'dim sum' on Serious Eats

Video: Serious Eats Makes Dim Sum at Buddakan

Edamame dumplings and Cantonese spring rolls: breakfast of champions? Yes, and it's called dim sum. More and more frequently, traces of dim sum can be found in dinner menus throughout the US, and we're not complaining. In fact, we recently snuck into a restaurant kitchen to see how the small dishes are made. Carey Jones even made some dim sum herself, under the careful guidance of Chef Yang Huang of Buddakan. More

Queens Eats: Fried Rice Balls Stuffed with Crab Meat at East Ocean Palace

Maybe I don't get around to enough dim sum parlors, but this dish was new to me when I had it at East Ocean Palace in Forest Hills a while ago. It's on the dim sum section of the menu listed as fried rice balls stuffed with crab meat ($12.95). My mother-in-law was excited to see these on the menu, and they've since made it onto my hit parade of must-order dim sum items. More

Behind The Scenes: Making Dim Sum At Nom Wah Tea Parlor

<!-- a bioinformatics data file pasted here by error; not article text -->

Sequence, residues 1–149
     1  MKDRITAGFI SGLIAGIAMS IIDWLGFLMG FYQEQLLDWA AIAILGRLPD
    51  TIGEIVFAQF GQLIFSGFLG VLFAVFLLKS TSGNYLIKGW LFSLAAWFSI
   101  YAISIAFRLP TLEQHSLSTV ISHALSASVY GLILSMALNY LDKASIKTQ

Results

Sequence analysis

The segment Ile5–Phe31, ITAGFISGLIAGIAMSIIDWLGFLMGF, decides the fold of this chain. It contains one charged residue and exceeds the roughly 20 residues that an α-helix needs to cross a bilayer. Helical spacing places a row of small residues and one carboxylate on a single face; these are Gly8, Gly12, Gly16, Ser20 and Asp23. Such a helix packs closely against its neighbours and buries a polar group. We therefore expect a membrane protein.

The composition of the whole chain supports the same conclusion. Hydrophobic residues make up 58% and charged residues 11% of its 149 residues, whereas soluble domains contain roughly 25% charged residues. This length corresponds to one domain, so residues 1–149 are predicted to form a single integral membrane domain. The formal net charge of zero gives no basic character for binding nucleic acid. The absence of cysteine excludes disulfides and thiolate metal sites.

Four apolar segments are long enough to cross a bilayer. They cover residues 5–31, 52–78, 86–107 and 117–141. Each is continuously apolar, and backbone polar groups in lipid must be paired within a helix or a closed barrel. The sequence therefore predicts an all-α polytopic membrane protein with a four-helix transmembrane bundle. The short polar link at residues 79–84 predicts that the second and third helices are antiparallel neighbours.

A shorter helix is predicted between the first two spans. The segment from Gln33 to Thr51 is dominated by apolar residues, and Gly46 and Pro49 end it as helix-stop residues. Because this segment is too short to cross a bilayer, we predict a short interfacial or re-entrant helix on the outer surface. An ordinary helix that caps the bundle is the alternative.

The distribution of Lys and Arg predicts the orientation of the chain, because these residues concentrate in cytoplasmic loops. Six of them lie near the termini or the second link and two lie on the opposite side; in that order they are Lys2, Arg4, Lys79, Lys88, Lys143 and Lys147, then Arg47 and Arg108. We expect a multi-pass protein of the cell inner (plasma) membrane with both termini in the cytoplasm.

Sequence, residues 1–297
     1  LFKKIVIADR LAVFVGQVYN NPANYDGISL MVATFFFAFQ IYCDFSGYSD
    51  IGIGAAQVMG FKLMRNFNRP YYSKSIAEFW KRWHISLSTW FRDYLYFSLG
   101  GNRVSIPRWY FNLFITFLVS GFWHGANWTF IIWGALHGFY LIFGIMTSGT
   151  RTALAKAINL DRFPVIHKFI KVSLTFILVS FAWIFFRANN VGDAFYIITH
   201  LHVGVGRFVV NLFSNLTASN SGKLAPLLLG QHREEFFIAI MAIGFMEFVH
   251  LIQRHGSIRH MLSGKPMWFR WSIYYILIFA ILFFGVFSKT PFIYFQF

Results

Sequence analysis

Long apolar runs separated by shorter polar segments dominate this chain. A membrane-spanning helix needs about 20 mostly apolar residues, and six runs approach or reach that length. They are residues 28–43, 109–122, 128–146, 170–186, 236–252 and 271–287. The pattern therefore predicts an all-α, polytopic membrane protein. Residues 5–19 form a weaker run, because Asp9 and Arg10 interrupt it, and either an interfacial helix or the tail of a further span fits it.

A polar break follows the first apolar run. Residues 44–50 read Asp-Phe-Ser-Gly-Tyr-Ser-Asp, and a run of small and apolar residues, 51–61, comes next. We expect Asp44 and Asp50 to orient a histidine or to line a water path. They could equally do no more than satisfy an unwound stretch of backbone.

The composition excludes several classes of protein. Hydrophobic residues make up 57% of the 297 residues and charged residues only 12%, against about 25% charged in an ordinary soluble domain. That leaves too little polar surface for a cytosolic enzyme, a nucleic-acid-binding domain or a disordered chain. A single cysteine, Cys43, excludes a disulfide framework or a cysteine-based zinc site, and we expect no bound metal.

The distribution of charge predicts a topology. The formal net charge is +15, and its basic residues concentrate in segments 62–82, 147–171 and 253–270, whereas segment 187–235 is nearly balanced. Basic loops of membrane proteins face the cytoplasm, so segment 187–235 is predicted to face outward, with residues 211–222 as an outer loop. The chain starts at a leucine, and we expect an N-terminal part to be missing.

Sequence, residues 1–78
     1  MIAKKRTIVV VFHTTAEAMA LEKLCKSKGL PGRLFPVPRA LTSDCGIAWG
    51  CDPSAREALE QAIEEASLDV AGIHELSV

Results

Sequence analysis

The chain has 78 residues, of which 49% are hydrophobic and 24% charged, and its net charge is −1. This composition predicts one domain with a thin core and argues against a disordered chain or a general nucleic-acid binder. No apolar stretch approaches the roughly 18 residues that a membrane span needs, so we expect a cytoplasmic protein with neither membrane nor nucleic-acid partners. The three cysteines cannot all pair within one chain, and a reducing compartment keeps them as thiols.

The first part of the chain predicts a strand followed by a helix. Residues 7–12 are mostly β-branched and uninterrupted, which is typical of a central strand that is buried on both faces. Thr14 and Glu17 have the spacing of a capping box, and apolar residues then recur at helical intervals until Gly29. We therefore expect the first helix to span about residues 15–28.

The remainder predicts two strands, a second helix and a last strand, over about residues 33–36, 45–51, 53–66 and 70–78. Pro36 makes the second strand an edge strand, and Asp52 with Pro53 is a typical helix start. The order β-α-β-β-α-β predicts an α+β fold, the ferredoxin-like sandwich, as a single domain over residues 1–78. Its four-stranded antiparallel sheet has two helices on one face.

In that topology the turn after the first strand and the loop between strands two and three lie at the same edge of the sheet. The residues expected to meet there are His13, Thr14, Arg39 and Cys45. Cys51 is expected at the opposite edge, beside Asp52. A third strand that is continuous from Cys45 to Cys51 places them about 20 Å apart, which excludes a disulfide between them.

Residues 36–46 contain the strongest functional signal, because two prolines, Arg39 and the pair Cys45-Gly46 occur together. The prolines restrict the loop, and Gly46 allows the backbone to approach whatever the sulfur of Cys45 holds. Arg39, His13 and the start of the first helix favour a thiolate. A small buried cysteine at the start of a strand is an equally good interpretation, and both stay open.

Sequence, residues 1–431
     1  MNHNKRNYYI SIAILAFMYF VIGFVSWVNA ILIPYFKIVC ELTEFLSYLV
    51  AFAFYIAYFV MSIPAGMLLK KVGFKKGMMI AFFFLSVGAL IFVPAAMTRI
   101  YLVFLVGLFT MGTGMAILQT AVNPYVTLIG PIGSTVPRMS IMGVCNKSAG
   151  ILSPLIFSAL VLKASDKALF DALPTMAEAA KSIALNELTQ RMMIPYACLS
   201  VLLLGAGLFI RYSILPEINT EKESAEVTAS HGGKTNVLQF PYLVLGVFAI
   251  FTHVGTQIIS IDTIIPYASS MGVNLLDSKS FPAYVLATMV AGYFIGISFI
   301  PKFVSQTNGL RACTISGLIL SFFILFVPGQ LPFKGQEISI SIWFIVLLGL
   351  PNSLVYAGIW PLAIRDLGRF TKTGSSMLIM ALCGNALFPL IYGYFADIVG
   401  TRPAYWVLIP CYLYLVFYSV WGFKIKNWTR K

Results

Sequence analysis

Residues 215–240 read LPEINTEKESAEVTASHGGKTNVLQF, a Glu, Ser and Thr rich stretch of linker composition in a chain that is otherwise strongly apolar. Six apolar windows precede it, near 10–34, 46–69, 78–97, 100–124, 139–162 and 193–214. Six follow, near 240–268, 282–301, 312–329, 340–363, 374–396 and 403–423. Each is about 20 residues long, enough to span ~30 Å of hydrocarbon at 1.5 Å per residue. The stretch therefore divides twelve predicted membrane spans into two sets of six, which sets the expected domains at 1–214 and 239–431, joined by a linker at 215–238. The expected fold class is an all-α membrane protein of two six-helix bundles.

We're big fans of dim sum at Serious Eats and Nom Wah Tea Parlor, on Doyer Street in Manhattan's Chinatown, does not disappoint. Nom Wah has been serving up dim sum since the early 1920s, and many of the chefs working in the kitchen have been there for 30 years—they're masters at what they do. We spent a few hours in the kitchen with all the chefs to see how some of our favorite dim sum dishes were made. More

Red Egg: Great Dim Sum Without The Carts

Having grown up hitting the cart-based gigantic Chinese palaces of New York and Boston's Chinatowns for my dim sum fix, I've never really considered menu-based dim sum as a viable dining option. Somehow, checking off boxes and waiting for your food to come is just not quite as fun as pointing at what you want from a stack of steamers. But the truth of the matter is, the quality of the food you get at check-the-box-and-wait establishments is often much higher than at the cart-based operations. And Red Egg is a great example of that. More

Lunch Today: Dim Sum from Nom Wah Tea Parlor

Tucked away in the corner of Doyer Street, Nom Wah Tea Parlor has been in business in Chinatown since the early '20s and had just recently undergone renovations, which jazzed up the space with the charming vintage look of an old Hong Kong diner. But it's the dim sum that makes it worth a return trip. More

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